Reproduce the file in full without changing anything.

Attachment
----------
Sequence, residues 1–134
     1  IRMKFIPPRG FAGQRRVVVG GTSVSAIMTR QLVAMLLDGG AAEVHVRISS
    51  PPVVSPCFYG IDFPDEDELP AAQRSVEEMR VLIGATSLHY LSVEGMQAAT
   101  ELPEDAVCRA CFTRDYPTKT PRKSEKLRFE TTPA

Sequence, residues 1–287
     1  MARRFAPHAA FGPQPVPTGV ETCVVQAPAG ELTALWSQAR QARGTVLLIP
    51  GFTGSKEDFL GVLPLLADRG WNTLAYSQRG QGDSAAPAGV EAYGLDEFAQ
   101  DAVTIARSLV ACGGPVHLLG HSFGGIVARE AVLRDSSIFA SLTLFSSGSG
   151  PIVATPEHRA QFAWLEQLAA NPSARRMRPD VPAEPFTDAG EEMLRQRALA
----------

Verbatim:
Sequence, residues 1–134
     1  IRMKFIPPRG FAGQRRVVVG GTSVSAIMTR QLVAMLLDGG AAEVHVRISS
    51  PPVVSPCFYG IDFPDEDELP AAQRSVEEMR VLIGATSLHY LSVEGMQAAT
   101  ELPEDAVCRA CFTRDYPTKT PRKSEKLRFE TTPA

Sequence, residues 1–287
     1  MARRFAPHAA FGPQPVPTGV ETCVVQAPAG ELTALWSQAR QARGTVLLIP
    51  GFTGSKEDFL GVLPLLADRG WNTLAYSQRG QGDSAAPAGV EAYGLDEFAQ
   101  DAVTIARSLV ACGGPVHLLG HSFGGIVARE AVLRDSSIFA SLTLFSSGSG
   151  PIVATPEHRA QFAWLEQLAA NPSARRMRPD VPAEPFTDAG EEMLRQRALA